By Jane Fryar
In some groups, the atmosphere is electric. You walk into the room—and sense the excitement and purposefulness shared by the volunteers there. Some groups, though, never quite catch the spark. What makes the difference?
No, it’s not just happenstance or the luck of the draw. You can make a difference! Here’s how:
- Get the right people in the group. This is key! Research shows it’s folly to think you can train for attitudes and values. Instead, recruit people who already carry enthusiasm for the ministry or task for which you’re recruiting them.
Example: Mr. Smith is lonely and critical of church staff. Pastor Brown invites him to help the office volunteers with the monthly newsletter.
Comment: Instead of the group encouraging Mr. Smith, it’s more likely that he will dampen their enthusiasm (and gain new ammunition for his negativity). It might be better to pair him with a compassionate Meals-on-Wheels volunteer who has good listening skills.
- Carefully define responsibilities. Know exactly what you want done and what the outcome should look like. Develop an accountability checklist for the group or individual volunteer. Don’t create a recipe. Instead, develop a tool to track and control quality.
Example: Larry Hodges and his family have volunteered to care for the church grounds over the summer. The trustees accept his offer and develop a list of questions, based on weekly outcomes they would like to see. For example, “Is the lawn free of trash?”; “Is the grass green?”; and “Are the sidewalks framed by bushes accessible?”
Comment: Criteria-based outcomes help volunteers feel more in control and responsible than task lists with specific commands like, “Water the grass daily” and “Trim the bushes every two weeks.”
- Match authority with responsibilities. Give people access to the resources and information they need to do their jobs well.
Example: Darlene Boswell directs the Sunday school program for children. Her duties require her to roam throughout the facility on Sunday morning. Since she can’t be in the Sunday school office, she unlocks the doors to the supply closets so teachers can help themselves to the pencils, paints, and paper they may need at the last minute.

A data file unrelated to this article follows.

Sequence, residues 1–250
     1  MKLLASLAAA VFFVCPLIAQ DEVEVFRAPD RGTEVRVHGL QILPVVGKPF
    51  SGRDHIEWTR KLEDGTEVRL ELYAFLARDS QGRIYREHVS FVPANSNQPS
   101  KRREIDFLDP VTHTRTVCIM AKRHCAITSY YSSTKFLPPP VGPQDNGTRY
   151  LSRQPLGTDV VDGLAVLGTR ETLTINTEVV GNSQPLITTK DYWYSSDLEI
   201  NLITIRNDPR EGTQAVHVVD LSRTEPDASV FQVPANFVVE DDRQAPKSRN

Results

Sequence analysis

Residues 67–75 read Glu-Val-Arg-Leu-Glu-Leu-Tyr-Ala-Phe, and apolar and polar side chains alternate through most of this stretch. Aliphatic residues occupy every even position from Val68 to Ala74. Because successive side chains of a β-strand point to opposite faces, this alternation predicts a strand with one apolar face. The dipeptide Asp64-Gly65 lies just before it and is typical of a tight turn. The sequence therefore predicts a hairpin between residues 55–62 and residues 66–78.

Comment: Might supplies get lost or broken? Possibly. But teacher satisfaction is a higher priority for Darlene. If equipment problems arise, she will address them. For now, it’s more important to avoid frustration among the volunteer staff.
- Lead from out in front. Nobody likes to be bossed. Paint a picture of positive outcomes followers will find encouraging. Offer choices. Listen to the ideas of others and adopt them whenever you can.
Example: Dennis Hill leads the youth ministry board. He invites several youth and their parents to participate. Then, he listens carefully to their comments and suggestions.
Comment: Dennis won’t be able to act on every suggestion he receives. He should make this clear from the outset. However, if two conflicting, but equally viable ideas land on the table, Dennis will do well to choose the idea suggested by the youth rather than the one he himself suggested.
- Recognize your stars. Expect high quality work from everyone—volunteers, too. Then praise them for it. Everyone who works with you should hear those magic words, “Thank you!” at least once or twice each day.
Example: Pastor Rogers gets so focused on the tasks at hand that he often forgets to express gratitude to other staff and volunteers. To help himself remember to do that, he puts 10 pennies on his desk every morning. Each time he recognizes or thanks an individual, he moves one of the pennies to the pencil tray inside his top desk drawer. His goal is to “spend” all his pennies each day.
Comment: Praise in public. Correct in private. Help everyone aspire to excellence, even in the little things. And remind yourself to say thanks—often.
Easter is coming soon! How do you plan to keep enthusiasm soaring among your Easter volunteers?
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